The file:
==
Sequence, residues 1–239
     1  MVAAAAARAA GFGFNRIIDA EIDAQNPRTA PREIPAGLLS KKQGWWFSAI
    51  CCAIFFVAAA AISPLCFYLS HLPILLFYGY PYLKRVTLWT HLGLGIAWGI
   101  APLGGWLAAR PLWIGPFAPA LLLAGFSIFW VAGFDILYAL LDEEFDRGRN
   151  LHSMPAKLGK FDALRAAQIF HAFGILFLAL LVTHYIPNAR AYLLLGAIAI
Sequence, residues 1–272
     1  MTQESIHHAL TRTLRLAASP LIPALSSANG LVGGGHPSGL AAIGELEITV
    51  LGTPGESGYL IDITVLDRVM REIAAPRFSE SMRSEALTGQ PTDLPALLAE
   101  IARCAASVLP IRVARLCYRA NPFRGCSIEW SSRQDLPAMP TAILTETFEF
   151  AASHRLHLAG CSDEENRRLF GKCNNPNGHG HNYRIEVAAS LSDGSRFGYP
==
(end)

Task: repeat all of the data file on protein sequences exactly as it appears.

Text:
Sequence, residues 1–239
     1  MVAAAAARAA GFGFNRIIDA EIDAQNPRTA PREIPAGLLS KKQGWWFSAI
    51  CCAIFFVAAA AISPLCFYLS HLPILLFYGY PYLKRVTLWT HLGLGIAWGI
   101  APLGGWLAAR PLWIGPFAPA LLLAGFSIFW VAGFDILYAL LDEEFDRGRN
   151  LHSMPAKLGK FDALRAAQIF HAFGILFLAL LVTHYIPNAR AYLLLGAIAI
Sequence, residues 1–272
     1  MTQESIHHAL TRTLRLAASP LIPALSSANG LVGGGHPSGL AAIGELEITV
    51  LGTPGESGYL IDITVLDRVM REIAAPRFSE SMRSEALTGQ PTDLPALLAE
   101  IARCAASVLP IRVARLCYRA NPFRGCSIEW SSRQDLPAMP TAILTETFEF
   151  AASHRLHLAG CSDEENRRLF GKCNNPNGHG HNYRIEVAAS LSDGSRFGYP